In case you haven't heard, the latest edition of the journal Evolution: Education and Outreach is almost entirely about transitional fossils. There's something for everyone, from synapsids to onychophorans, so make sure you check it out!
My only complaint, though, is that there is not a paper about early hominins or human evolution. Human evolution is often ignored or given short shrift when we talk about transitional fossils, yet the past several decades have seen an explosion in new types of extinct humans. I have no idea why such a paper does not appear in the collection (perhaps one was solicited but not completed), but I hope that such a review will soon be printed in the pages of Evolution. Since much of the culture war over evolution is rooted in different ways of finding our place in nature, defenders of evolution ignore paleoanthropology at their own peril.
UPDATE: Apparently the December 2009 issue of Evolution: Education and Outreach will be entirely devoted to human evolution. That is definitely good news. It would have been nice to see a piece on transitional hominins with the reviews in the latest edition, though. I have long been puzzled by the division between paleoanthropology and vertebrate paleontology, and I think the former discipline suffers when it is not integrated with vertebrate paleontology as a whole (more on that soon). Many thanks to Glenn Branch for the correction.
Maybe EEO is waiting a submission from you...
In the introduction to the first issue of Evolution: Education and Outreach for 2009, the editors announced that the December 2009 issue, guest-edited by Will Harcourt-Smith of the American Museum of Natural History, would be devoted to human evolution.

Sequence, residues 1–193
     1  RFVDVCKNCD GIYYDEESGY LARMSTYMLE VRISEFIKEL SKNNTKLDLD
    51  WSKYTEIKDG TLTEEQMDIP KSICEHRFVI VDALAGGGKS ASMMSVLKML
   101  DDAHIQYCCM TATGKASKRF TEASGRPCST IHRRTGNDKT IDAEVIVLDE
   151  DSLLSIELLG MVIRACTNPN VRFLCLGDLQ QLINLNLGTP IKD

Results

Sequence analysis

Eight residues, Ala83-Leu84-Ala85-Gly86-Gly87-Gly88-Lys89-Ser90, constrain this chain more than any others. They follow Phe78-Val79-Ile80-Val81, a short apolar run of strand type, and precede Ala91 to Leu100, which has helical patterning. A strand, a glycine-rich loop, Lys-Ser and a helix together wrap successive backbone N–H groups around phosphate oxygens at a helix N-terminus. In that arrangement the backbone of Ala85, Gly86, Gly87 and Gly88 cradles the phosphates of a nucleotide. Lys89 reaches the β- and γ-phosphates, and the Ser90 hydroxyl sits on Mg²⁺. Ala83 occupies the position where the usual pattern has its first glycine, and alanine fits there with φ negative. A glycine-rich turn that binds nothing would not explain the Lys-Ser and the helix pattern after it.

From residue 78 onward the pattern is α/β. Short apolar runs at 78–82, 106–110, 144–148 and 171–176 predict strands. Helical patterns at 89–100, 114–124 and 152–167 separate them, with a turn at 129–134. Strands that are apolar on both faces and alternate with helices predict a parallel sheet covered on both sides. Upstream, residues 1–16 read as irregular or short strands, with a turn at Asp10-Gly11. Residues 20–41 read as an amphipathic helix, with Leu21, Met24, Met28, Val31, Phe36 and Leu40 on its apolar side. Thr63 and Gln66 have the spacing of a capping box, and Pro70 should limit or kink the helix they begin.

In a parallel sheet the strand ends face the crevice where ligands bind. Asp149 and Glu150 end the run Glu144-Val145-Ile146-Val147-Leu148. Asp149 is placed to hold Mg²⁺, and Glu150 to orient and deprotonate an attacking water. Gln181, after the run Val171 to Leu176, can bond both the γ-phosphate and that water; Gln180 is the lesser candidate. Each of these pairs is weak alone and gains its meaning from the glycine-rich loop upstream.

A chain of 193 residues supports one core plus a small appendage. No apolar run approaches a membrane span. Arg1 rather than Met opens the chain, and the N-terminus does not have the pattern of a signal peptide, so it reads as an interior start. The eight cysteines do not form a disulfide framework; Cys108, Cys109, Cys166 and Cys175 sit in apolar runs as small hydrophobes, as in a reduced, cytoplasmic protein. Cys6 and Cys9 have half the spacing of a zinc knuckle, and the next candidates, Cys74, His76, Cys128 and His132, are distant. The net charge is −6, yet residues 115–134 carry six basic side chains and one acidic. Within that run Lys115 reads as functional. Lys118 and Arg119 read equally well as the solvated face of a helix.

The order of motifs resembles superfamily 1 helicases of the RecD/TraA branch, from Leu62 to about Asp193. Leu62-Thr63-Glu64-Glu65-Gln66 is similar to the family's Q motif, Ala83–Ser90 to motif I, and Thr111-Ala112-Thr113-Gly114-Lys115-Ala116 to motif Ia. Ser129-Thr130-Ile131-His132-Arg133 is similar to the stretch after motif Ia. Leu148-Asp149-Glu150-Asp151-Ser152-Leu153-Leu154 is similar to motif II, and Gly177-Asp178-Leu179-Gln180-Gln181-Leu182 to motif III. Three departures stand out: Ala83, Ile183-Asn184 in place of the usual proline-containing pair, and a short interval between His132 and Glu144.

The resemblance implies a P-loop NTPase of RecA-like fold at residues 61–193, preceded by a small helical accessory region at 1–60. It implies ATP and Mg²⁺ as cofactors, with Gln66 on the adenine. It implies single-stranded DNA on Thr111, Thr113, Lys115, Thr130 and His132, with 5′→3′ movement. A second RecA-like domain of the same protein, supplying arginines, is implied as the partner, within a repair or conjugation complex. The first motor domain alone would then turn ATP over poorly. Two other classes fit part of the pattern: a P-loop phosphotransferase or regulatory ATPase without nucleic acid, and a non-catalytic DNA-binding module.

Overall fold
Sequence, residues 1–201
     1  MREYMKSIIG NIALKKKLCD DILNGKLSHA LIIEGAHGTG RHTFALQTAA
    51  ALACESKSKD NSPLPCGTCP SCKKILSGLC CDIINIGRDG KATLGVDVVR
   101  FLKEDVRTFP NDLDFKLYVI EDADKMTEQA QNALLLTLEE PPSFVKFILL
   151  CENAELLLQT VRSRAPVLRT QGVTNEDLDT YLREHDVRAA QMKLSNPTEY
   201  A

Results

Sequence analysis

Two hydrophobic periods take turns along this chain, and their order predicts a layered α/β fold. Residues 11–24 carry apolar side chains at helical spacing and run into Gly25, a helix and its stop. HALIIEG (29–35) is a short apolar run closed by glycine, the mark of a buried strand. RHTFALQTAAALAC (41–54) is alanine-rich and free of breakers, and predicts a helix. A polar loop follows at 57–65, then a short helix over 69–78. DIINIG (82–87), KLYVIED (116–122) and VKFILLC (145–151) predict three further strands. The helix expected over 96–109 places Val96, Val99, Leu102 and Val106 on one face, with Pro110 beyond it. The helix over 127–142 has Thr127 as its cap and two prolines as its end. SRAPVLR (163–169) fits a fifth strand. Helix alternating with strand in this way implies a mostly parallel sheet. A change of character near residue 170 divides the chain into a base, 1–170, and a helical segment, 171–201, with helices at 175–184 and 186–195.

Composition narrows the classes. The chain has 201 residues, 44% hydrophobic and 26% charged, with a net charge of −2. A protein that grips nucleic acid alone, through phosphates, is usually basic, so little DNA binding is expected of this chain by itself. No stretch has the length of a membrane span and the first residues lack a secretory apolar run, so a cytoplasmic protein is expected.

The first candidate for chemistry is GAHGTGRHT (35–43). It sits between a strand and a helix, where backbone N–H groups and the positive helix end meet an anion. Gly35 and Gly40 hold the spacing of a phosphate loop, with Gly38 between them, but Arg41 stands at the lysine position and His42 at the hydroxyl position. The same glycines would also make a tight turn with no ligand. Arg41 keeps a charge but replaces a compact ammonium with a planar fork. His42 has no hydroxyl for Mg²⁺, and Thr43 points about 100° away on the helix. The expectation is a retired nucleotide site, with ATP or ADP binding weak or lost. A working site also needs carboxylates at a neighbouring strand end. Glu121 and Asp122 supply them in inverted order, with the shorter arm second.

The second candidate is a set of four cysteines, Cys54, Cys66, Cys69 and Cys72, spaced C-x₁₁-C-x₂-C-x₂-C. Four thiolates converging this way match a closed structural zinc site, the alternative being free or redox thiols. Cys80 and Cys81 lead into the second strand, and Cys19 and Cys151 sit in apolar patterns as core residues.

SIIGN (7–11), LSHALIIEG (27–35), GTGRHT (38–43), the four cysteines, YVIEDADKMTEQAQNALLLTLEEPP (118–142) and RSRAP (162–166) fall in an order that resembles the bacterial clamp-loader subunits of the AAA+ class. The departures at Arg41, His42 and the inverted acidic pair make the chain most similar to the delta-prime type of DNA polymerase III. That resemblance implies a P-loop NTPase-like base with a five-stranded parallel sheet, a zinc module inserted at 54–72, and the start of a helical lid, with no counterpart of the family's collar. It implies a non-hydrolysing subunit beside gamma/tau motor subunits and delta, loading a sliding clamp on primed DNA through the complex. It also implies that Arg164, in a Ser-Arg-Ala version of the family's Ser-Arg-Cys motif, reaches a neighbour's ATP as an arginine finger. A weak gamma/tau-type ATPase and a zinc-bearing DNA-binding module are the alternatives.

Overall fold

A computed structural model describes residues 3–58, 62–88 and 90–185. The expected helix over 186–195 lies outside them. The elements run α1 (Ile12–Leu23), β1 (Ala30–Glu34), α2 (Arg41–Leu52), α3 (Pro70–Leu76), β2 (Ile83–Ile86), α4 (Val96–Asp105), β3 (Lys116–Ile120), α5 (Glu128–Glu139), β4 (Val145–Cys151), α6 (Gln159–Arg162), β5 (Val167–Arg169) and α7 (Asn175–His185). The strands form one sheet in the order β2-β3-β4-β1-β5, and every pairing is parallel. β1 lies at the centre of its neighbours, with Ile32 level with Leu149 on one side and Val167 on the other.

Thanks, Glenn. I will amend the above post. It still would have been nice to see a human evolution paper integrated with the rest, though, if for no other reason that I think paleoanthropology suffers when treated as a science distinct from other branches of vertebrate paleontology (but more on that later).
I have long been puzzled by the division between paleoanthropology and vertebrate paleontology, and I think the latter discipline suffers when it is not integrated with vertebrate paleontology as a whole (more on that soon).
*Cough* former *cough*. I definitely agree with you, though. There are countless examples of "unbelievable" discoveries in palaeoanthropology (such as the recent Homo floresiensis) that are not really so remarkable once you lose the notion that humans are somehow "special".
Thanks, Chris. I don't know what it is about today; I keep making all these little typos. In this case I rewrote part of the sentence and didn't keep up with the changes.
I'll get into this more in a full post, but I was specifically thinking in terms of cladistics and "ancestor worship." Whenever a new hominin is found the first question is always "Is it one of our ancestors?" and there seems to be a lot of "My fossils are important, yours are crap" posturing. To some extent this is unavoidable in popularization, but it seems to permeate the science of paleoanthropology, too. Even as the human evolutionary tree becomes bushier, there still seems to be an obsession with finding straight lines of descent. I am sure there are plenty of other hominins, especially early hominins, yet to be discovered, and I can only imagine how present evolutionary scenarios will change as we find more evidence.